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Document Details :

Title: ‘Alleen nog een God kan ons redden’
Subtitle: De dood en God in teksten van Kopland, Otten en Paulus
Author(s): GOUD, Johan , WEREN, Wim
Journal: Tijdschrift voor Theologie
Volume: 52    Issue: 2   Date: 2012   
Pages: 156-170
DOI: 10.2143/TVT.52.2.3203349

Abstract :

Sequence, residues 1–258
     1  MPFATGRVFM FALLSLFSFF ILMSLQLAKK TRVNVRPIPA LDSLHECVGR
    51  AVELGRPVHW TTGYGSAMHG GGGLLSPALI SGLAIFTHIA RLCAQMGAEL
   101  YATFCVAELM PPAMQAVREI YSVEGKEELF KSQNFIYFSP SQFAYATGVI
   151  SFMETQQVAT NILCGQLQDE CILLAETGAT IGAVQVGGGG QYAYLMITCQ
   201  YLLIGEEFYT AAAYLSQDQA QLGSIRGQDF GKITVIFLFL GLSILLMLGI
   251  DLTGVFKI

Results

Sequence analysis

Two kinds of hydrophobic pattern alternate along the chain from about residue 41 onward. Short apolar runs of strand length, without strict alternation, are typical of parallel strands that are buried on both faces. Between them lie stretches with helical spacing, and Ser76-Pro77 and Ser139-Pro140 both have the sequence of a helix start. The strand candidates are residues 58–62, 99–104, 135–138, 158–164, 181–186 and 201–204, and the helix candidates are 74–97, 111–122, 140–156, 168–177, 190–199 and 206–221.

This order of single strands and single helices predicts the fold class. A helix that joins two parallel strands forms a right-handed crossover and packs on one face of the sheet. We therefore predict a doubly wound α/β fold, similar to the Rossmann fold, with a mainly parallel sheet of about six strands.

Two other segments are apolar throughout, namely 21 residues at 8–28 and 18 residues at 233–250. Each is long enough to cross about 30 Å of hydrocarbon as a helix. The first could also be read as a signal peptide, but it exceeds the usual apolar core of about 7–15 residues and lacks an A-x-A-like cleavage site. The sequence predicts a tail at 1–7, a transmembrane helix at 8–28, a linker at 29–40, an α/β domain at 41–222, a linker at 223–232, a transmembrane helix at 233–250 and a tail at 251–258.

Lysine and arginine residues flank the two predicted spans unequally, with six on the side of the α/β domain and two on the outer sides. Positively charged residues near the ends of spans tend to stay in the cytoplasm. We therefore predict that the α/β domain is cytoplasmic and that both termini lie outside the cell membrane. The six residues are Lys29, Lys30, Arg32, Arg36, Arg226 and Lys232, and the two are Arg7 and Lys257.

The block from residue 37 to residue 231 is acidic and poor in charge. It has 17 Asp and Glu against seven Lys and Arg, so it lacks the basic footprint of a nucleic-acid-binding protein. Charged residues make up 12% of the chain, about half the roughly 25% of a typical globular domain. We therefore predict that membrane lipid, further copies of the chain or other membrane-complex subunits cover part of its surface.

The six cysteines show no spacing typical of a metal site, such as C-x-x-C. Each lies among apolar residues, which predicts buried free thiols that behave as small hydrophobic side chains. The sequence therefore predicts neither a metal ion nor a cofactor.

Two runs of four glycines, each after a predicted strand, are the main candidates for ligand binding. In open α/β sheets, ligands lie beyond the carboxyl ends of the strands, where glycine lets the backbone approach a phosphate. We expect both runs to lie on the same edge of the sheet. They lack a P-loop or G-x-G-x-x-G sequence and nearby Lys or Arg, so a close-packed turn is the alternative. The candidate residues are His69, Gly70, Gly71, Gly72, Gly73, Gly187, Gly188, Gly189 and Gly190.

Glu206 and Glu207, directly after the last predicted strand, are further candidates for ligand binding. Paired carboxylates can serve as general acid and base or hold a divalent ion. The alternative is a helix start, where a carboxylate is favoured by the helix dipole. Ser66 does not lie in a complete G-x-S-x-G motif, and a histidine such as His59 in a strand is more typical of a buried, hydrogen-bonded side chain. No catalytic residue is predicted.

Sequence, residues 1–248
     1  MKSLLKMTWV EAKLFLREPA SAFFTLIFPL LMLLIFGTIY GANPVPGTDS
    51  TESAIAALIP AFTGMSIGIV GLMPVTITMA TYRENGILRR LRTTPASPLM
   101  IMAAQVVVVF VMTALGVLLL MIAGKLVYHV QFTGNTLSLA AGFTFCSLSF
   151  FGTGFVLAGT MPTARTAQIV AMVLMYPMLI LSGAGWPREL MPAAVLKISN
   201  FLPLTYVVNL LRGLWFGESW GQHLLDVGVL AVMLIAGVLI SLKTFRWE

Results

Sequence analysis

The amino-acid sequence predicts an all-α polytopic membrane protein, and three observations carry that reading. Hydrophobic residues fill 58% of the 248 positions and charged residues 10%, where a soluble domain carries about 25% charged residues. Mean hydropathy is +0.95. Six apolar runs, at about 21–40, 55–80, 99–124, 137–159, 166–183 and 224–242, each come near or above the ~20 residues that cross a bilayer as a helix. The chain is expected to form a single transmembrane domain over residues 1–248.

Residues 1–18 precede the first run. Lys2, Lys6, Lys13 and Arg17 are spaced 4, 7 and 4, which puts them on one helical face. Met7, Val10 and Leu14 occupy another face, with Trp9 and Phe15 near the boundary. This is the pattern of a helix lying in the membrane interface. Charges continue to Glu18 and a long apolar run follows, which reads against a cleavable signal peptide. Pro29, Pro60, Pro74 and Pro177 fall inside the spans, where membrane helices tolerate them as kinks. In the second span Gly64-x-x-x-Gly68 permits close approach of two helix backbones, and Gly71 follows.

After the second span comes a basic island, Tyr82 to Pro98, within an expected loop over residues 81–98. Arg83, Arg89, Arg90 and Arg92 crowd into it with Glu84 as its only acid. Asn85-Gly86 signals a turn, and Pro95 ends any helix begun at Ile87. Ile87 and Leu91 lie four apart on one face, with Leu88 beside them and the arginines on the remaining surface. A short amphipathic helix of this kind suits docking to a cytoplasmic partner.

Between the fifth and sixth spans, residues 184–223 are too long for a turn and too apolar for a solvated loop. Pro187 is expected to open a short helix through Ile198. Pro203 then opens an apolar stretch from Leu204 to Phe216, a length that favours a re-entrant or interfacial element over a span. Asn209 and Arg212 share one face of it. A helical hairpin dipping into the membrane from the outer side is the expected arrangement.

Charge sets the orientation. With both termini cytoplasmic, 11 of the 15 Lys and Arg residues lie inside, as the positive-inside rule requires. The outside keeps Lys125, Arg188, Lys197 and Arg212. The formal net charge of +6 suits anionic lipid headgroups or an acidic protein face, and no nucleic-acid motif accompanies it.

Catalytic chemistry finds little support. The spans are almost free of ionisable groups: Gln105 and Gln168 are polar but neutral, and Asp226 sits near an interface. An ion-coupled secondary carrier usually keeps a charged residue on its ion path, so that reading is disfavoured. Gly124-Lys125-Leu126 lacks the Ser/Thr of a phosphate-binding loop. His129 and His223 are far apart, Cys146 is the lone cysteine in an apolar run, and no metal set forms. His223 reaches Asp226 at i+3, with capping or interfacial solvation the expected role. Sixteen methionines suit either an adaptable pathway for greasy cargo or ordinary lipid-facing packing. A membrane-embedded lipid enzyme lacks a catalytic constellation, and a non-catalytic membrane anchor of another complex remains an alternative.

This article starts from the insight that by dying human existence regresses to the status of a thing. People have tried in many ways to overcome this threatening immanence of objectification. This article compares work by the Dutch poet Rutger Kopland and writer Willem Jan Otten with three voices from the Bible. Special attention is given to an analysis of three poems from Kopland’s series ‘Aan het grensland’ [At the Borderline] (2008). It seems these can be read as a cycle. The radical contingency of all things that Kopland reveals in the closing poem contrasts with the desire evoked in the opening poem for what lies ‘beyond the borderline’. Uncovering religious certainties does not exclude returning to a desire to transcend. Rather, this desire is irrepressible and gives Kopland’s poetry a special tautness. But this does not detract from the conviction that ‘the mystery of the world is the visible’ (Oscar Wilde). Otten’s thinking moves in a different direction. The article analyses his Specht en zoon [Specht and Son] (2004). There are many ways to interpret this book. The author uses numerous references to the Bible to depict a close connection between faith, imagination and the ability to call into being. The imagination unique to faith touches the heart of reality and can break death’s hold. According to Czeslaw Milosz, whom Otten cites with approval, God is the source of our imagination. Both views, however diverse they may be, contain echoes of voices from the Bible. For Otten it is the biblical faith in God’s ability to raise the dead. For Kopland, this faith is no more than wishful thinking. Yet even his idea that death is unconquerable finds support in biblical texts. Kopland’s view of life and death is very close to that found in Ecclesiastes (Qoheleth). After an analysis of the different ways in which Kopland and Otten treat 1 Cor 13:12 (‘Now we see in a mirror, dimly, but then we will see face to face.’), the last section addresses whether double readings, as in this article, are meaningful.

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